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lmd_Boucher2008_abstracts.html

2008 .

(5 publications)

S. Verma, C. Venkataraman, and O. Boucher. Origin of surface and columnar Indian Ocean Experiment (INDOEX) aerosols using source- and region-tagged emissions transport in a general circulation model. Journal of Geophysical Research (Atmospheres), 113:24211, December 2008. [ bib | DOI | ADS link ]

We study the relative influence of aerosols emitted from different sectors and geographical regions on aerosol loading in south Asia. Sectors contributing aerosol emissions include biofuel and fossil fuel combustion, open biomass burning, and natural sources. Geographical regions include India (the Indo-Gangetic plain, central India, south India, and northwest India), southeast Asia, east Asia, Africa-west Asia, and the rest of the world. Simulations of the Indian Ocean Experiment (INDOEX), from January to March 1999, are made in the general circulation model of Laboratoire de Météorologie Dynamique (LMD-ZT GCM) with emissions tagged by sector and geographical region. Anthropogenic emissions dominate (54-88%) the predicted aerosol optical depth (AOD) over all the receptor regions. Among the anthropogenic sectors, fossil fuel combustion has the largest overall influence on aerosol loading, primarily sulfate, with emissions from India (50-80%) and rest of the world significantly influencing surface concentrations and AOD. Biofuel combustion has a significant influence on both the surface and columnar black carbon (BC) in particular over the Indian subcontinent and Bay of Bengal with emissions largely from the Indian region (60-80%). Open biomass burning emissions influence organic matter (OM) significantly, and arise largely from Africa-west Asia. The emissions from Africa-west Asia affect the carbonaceous aerosols AOD in all receptor regions, with their largest influence (AOD-BC: 60%; and AOD-OM: 70%) over the Arabian Sea. Among Indian regions, the Indo-Gangetic Plain is the largest contributor to anthropogenic surface mass concentrations and AOD over the Bay of Bengal and India. Dust aerosols are contributed mainly through the long-range transport from Africa-west Asia over the receptor regions. Overall, the model estimates significant intercontinental incursion of aerosol, for example, BC, OM, and dust from Africa-west Asia and sulfate from distant regions (rest of the world) into the INDOEX domain.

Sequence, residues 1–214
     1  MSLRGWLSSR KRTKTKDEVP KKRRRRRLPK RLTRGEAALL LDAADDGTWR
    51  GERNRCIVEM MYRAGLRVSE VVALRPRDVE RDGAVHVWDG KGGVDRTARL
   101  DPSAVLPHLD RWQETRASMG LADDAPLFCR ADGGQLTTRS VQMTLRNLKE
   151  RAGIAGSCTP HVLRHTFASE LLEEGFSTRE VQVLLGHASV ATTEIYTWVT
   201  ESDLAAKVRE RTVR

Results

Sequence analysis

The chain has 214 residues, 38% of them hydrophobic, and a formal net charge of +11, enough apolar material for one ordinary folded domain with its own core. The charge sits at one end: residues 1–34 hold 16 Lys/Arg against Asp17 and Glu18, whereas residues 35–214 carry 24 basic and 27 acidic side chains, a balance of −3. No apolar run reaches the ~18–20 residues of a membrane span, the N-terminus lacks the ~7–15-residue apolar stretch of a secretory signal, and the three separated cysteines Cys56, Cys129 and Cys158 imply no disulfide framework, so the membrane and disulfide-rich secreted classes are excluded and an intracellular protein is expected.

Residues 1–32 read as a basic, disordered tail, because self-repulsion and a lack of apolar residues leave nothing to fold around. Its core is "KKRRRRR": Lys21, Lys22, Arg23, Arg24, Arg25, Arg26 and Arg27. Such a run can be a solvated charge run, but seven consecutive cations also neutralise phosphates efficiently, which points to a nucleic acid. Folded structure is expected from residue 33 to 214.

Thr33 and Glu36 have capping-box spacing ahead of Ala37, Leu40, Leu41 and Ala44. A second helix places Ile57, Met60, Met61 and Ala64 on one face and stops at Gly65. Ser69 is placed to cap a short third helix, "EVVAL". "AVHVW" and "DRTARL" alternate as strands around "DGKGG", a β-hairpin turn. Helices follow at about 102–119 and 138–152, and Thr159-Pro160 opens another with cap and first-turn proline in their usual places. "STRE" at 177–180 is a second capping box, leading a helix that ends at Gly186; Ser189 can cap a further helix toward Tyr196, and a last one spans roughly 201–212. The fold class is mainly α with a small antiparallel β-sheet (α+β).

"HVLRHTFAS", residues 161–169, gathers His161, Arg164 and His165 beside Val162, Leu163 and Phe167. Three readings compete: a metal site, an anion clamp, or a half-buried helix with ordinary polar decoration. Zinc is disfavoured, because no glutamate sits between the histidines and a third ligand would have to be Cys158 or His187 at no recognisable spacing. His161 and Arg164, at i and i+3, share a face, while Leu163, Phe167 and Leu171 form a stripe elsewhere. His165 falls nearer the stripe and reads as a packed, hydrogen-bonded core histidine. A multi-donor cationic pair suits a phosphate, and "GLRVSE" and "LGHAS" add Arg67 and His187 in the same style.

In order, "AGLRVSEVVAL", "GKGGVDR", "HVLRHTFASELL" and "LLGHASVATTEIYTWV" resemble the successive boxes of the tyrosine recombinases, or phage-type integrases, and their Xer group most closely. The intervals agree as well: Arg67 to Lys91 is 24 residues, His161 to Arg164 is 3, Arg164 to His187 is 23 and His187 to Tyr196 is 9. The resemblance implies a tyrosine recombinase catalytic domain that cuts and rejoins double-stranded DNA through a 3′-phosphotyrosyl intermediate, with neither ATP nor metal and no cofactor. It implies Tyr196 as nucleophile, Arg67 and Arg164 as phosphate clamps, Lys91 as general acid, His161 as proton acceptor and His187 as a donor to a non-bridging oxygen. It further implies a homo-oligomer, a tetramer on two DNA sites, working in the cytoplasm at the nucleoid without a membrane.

J.-J. Morcrette, A. Beljaars, A. Benedetti, L. Jones, and O. Boucher. Sea-salt and dust aerosols in the ECMWF IFS model. Geophysical Research Letters, 35:24813, December 2008. [ bib | DOI | ADS link ]

The ECMWF IFS model has recently been modified to include prognostic aerosols in its analysis and forecast modules. For the sea salt and dust components, comparisons of three versions of the model are presented: (i) a forecast only model started from conventional analysis with free-running aerosols, (ii) a full analysis including aerosols, and (iii) as in (i) but with sea salt and dust sources revised to account for the 10-m wind including gustiness and calibrated on the aerosol analysis results. It is shown that this new formulation of the sources of the main natural aerosols gives an improved agreement with AERONET surface observations where sea salt and dust aerosols are dominant. It also shows how the information brought by the aerosol analysis can be used to improve the representation of aerosols in numerical weather prediction and climate-type general circulation models.

J. Quaas, O. Boucher, N. Bellouin, and S. Kinne. Satellite-based estimate of the direct and indirect aerosol climate forcing. Journal of Geophysical Research (Atmospheres), 113:5204, March 2008. [ bib | DOI | ADS link ]

The main uncertainty in anthropogenic forcing of the Earth's climate stems from pollution aerosols, particularly their “indirect effect” whereby aerosols modify cloud properties. We develop a new methodology to derive a measurement-based estimate using almost exclusively information from an Earth radiation budget instrument (CERES) and a radiometer (MODIS). We derive a statistical relationship between planetary albedo and cloud properties, and, further, between the cloud properties and column aerosol concentration. Combining these relationships with a data set of satellite-derived anthropogenic aerosol fraction, we estimate an anthropogenic radiative forcing of -0.9 +/- 0.4 Wm-2 for the aerosol direct effect and of -0.2 +/- 0.1 Wm-2 for the cloud albedo effect. Because of uncertainties in both satellite data and the method, the uncertainty of this result is likely larger than the values given here which correspond only to the quantifiable error estimates. The results nevertheless indicate that current global climate models may overestimate the cloud albedo effect.

A. Hollingsworth, R. J. Engelen, C. Textor, A. Benedetti, O. Boucher, F. Chevallier, A. Dethof, H. Elbern, H. Eskes, J. Flemming, C. Granier, J. W. Kaiser, J.-J. Morcrette, P. Rayner, V.-H. Peuch, L. Rouil, M. G. Schultz, and A. J. Simmons. Toward a Monitoring and Forecasting System For Atmospheric Composition: The GEMS Project. Bulletin of the American Meteorological Society, 89:1147, 2008. [ bib | DOI | ADS link ]

M. T. Woodhouse, G. W. Mann, K. S. Carslaw, and O. Boucher. New Directions: The impact of oceanic iron fertilisation on cloud condensation nuclei. Atmospheric Environment, 42:5728-5730, 2008. [ bib | DOI | ADS link ]

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